Chris, Sep 7, 2006
    #7
  8. Chris wrote:
    > red floyd wrote:
    > > Colander wrote:
    > > >
    > > > Static say something about scoop. (There is only one)
    > > > Const says something about value. (You can't[really shouldn't] change
    > > > it)
    > > >
    > > > They are different concepts.
    > > >

    > >
    > > In the case under discussion (local static), your first statement is
    > > incorrect.
    > >
    > > static in this case says something about *LIFETIME*. The variable is
    > > constructed exactly once and destroyed only at the end of program execution.
    > >
    > > It has nothing to do with scope in this case, and further, you
    > > explanation (There is only one) has nothing to do with scope either.

    >
    > I guess my question is--does declaring a local const string that is
    > initialized to a literal value as static have any real practical
    > purpose?


    Yes.

    > I understand that static means "create once", but aren't
    > string literals like this created and stored somewhere "once" by the
    > compiler anyway?


    No. You are confusing a std::string with an array of const char
    (a.k.a. a "C-string" or "string literal"). The latter should only be
    created once (or at least typically is, whether or not that is required
    by the Standard). A std::string that was _not_ static, on the other
    hand, should be constructed each time the function is entered, and
    destroyed each time the function is exited. Every Single Time. It is
    possible that a good optimizer might optimize that construction and
    destruction away, given that the std::string is decleared const, but in
    practice few if any do.

    In sum: I think your confusion arises from the fact that the
    std::string is initialized with a string literal. That string literal
    may well be created only once, but the std::string will be constructed
    and destructed multiple times. And that means that putting in "static"
    does have a practical purpose. Whether that purpose - saving all those
    gratuitous constructions and destructions - matters here could only be
    determined by profiling the code.

    Best regards,

    Tom
     
    Thomas Tutone, Sep 7, 2006
    #8
  9. Chris

    Chris Guest

    Thomas Tutone wrote:
    > Chris wrote:
    > > red floyd wrote:
    > > > Colander wrote:
    > > > >
    > > > > Static say something about scoop. (There is only one)
    > > > > Const says something about value. (You can't[really shouldn't] change
    > > > > it)
    > > > >
    > > > > They are different concepts.
    > > > >
    > > >
    > > > In the case under discussion (local static), your first statement is
    > > > incorrect.
    > > >
    > > > static in this case says something about *LIFETIME*. The variable is
    > > > constructed exactly once and destroyed only at the end of program execution.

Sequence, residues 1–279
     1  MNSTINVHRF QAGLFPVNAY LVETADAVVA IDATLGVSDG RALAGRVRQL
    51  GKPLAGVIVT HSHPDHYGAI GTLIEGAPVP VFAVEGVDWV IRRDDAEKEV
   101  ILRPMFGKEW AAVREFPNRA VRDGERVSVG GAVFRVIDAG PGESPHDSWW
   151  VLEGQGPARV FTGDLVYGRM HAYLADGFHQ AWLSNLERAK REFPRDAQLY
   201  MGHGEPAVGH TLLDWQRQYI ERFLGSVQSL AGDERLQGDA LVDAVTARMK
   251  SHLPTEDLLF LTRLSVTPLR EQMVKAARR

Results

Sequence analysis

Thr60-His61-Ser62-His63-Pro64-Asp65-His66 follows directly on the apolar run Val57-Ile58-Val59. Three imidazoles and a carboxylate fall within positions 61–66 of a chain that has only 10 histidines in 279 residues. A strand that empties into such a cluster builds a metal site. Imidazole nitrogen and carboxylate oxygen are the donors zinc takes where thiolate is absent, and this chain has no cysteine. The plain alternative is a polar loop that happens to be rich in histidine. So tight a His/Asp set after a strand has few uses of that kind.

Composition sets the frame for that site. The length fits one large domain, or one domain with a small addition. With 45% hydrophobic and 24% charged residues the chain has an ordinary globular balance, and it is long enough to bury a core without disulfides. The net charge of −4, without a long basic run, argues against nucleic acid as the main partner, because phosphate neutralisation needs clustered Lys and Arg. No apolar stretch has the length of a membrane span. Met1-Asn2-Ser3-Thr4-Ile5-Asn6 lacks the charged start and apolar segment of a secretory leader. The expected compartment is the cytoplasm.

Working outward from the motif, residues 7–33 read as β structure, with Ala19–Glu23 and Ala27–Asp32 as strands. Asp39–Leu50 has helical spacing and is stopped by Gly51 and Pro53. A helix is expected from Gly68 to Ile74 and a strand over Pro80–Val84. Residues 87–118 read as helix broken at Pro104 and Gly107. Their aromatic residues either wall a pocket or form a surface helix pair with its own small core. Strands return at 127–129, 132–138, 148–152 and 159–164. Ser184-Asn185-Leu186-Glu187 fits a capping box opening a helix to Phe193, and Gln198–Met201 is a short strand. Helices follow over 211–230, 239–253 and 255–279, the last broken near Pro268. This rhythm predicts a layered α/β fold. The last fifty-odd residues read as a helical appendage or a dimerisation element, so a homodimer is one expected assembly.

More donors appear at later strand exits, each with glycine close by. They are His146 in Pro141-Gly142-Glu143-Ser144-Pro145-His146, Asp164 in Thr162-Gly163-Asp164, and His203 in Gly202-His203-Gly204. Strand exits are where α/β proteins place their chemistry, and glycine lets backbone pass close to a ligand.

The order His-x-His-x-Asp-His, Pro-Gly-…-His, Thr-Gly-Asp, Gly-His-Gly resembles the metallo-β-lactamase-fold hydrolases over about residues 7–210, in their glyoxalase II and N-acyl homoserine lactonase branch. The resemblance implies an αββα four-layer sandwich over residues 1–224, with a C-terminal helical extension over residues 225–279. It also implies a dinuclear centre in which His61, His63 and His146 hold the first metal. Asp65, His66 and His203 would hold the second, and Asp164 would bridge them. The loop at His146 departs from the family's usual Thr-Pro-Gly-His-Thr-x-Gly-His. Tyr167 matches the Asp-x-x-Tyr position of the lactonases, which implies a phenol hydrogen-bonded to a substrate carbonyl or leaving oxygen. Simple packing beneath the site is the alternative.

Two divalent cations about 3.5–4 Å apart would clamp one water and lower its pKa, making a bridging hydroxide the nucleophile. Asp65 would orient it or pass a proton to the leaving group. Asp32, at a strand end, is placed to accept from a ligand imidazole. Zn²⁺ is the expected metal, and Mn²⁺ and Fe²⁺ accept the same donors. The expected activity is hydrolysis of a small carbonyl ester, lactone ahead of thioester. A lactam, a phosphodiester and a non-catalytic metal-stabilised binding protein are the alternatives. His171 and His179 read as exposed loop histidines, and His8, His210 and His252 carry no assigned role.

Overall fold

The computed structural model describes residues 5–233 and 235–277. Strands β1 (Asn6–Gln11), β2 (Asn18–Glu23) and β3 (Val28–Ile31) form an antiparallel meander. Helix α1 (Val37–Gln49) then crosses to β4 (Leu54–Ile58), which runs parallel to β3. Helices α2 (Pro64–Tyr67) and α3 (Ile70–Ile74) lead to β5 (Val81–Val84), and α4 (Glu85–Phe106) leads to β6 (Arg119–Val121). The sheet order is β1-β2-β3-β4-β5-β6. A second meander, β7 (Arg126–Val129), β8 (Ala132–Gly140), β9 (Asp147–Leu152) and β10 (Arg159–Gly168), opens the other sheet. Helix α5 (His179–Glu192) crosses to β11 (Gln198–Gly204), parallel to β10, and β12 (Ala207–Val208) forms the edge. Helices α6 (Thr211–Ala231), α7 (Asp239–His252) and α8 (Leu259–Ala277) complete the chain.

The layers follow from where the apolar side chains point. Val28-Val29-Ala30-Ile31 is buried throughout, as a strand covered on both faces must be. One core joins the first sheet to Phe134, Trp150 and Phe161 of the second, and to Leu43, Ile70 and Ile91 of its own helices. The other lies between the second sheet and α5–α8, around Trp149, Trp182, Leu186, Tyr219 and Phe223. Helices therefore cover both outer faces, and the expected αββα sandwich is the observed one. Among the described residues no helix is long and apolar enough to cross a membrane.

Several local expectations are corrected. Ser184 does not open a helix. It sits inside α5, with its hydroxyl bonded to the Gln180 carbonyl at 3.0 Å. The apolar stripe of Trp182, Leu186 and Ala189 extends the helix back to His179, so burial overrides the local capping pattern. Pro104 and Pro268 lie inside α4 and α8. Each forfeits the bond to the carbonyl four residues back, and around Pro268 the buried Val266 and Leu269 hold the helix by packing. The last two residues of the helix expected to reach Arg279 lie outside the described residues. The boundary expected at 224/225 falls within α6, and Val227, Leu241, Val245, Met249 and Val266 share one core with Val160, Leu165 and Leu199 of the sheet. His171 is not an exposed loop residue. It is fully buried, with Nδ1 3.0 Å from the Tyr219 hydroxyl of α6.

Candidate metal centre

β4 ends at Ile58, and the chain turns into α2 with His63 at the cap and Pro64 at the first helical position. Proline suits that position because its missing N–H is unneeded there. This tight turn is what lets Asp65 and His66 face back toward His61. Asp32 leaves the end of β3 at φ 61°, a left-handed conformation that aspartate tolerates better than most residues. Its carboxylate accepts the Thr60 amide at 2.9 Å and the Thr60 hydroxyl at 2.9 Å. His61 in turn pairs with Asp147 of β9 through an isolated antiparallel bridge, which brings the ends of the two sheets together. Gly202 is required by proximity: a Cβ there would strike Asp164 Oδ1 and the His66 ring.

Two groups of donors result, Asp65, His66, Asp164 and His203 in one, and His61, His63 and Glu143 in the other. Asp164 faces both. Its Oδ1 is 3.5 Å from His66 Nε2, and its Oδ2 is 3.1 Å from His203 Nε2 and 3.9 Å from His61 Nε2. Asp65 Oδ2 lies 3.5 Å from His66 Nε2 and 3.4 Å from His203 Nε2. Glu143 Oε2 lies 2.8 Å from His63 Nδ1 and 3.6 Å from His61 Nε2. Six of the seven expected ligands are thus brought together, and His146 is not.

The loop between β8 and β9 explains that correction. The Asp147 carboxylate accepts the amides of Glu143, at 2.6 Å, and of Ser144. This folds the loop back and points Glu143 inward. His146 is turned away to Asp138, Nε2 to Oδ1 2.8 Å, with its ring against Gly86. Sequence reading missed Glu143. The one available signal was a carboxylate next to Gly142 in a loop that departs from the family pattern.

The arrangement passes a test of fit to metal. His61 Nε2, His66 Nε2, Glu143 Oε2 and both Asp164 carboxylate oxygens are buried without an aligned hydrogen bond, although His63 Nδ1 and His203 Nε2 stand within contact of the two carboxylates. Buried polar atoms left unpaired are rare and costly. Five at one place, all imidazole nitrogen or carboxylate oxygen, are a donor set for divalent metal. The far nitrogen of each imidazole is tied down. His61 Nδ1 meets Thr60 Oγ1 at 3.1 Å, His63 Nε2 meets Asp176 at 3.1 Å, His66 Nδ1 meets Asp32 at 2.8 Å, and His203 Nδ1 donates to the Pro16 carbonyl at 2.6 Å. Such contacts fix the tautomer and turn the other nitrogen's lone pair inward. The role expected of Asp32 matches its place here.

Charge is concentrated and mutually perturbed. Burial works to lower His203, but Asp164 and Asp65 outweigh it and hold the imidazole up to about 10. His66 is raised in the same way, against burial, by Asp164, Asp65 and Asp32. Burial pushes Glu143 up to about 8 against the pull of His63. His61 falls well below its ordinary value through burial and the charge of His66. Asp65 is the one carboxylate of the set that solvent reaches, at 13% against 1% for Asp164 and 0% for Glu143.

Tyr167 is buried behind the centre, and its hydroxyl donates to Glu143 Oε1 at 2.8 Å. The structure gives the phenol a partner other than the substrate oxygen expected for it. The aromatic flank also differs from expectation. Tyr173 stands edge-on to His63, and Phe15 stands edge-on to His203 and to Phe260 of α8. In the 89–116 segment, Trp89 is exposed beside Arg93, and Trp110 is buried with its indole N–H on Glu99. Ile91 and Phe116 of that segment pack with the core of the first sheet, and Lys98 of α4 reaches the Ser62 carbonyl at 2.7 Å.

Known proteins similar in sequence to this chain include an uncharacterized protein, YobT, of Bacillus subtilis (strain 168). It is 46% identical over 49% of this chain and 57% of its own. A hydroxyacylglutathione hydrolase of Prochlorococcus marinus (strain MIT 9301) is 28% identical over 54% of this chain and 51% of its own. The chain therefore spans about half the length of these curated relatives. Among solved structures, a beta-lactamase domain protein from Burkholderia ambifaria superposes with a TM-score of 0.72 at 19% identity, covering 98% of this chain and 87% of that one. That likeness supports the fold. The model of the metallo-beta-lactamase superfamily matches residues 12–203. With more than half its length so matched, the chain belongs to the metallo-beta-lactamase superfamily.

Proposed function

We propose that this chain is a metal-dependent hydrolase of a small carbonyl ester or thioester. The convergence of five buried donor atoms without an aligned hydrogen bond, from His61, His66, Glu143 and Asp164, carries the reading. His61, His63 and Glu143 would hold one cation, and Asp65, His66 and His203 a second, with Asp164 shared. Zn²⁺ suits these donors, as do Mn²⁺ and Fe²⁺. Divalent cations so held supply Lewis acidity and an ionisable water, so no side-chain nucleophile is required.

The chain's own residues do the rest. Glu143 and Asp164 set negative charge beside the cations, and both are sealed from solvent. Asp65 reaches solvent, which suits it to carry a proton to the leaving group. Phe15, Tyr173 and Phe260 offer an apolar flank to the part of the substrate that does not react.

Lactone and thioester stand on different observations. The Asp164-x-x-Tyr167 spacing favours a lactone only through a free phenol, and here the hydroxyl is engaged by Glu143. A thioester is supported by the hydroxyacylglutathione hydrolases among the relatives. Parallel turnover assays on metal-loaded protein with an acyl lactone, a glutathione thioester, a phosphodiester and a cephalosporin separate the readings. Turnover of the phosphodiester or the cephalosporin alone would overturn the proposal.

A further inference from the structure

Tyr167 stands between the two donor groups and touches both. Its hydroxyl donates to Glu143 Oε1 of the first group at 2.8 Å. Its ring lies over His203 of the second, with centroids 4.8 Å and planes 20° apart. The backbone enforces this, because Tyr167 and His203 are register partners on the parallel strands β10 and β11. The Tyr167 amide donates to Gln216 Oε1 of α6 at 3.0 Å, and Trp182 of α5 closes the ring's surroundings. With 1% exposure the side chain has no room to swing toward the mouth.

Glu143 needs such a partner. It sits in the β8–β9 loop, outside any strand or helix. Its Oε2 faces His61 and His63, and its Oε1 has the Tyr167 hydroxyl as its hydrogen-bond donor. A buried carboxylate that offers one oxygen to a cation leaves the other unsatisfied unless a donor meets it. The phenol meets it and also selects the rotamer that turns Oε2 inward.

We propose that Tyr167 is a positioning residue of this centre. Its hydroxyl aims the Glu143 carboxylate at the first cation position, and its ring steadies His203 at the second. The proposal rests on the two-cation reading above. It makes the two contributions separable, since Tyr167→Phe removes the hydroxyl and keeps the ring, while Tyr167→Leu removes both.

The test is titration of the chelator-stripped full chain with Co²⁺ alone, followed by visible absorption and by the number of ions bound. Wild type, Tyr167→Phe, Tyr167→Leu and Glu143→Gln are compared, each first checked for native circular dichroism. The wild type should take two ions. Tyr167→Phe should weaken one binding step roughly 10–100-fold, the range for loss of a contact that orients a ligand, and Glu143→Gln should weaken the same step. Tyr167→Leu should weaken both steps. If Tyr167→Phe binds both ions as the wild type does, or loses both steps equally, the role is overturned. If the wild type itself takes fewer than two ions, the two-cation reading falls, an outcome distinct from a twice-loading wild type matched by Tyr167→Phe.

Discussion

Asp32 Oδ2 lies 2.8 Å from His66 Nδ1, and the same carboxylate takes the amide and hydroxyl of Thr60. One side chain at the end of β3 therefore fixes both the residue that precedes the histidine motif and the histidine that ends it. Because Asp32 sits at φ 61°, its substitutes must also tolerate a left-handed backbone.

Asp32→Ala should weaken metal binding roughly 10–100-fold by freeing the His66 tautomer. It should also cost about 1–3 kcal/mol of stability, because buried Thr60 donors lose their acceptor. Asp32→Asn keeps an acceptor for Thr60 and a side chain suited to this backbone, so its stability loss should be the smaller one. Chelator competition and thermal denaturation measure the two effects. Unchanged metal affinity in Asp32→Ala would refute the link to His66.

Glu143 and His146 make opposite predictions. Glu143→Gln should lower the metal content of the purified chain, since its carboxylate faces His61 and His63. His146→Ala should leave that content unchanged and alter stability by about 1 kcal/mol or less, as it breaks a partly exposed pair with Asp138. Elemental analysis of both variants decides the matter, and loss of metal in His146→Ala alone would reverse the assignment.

> > >
    > > > It has nothing to do with scope in this case, and further, you
    > > > explanation (There is only one) has nothing to do with scope either.

    > >
    > > I guess my question is--does declaring a local const string that is
    > > initialized to a literal value as static have any real practical
    > > purpose?

    >
    > Yes.
    >
    > > I understand that static means "create once", but aren't
    > > string literals like this created and stored somewhere "once" by the
    > > compiler anyway?

    >
    > No. You are confusing a std::string with an array of const char
    > (a.k.a. a "C-string" or "string literal"). The latter should only be
    > created once (or at least typically is, whether or not that is required
    > by the Standard). A std::string that was _not_ static, on the other
    > hand, should be constructed each time the function is entered, and
    > destroyed each time the function is exited. Every Single Time. It is
    > possible that a good optimizer might optimize that construction and
    > destruction away, given that the std::string is decleared const, but in
    > practice few if any do.
    >
    > In sum: I think your confusion arises from the fact that the
    > std::string is initialized with a string literal. That string literal
    > may well be created only once, but the std::string will be constructed
    > and destructed multiple times. And that means that putting in "static"
    > does have a practical purpose. Whether that purpose - saving all those
    > gratuitous constructions and destructions - matters here could only be
    > determined by profiling the code.
    >
    > Best regards,
    >
    > Tom


    Thanks, that explains it perfectly and answers my questions.
     
    Chris, Sep 7, 2006
    #9
  10. Chris posted:

    > Looking at some code I see a declaration inside a function like
    >
    > static const string s("some string");
    >
    > Does the static serve any purpose here?



    When you finish reading every else's replies, you might want to read up on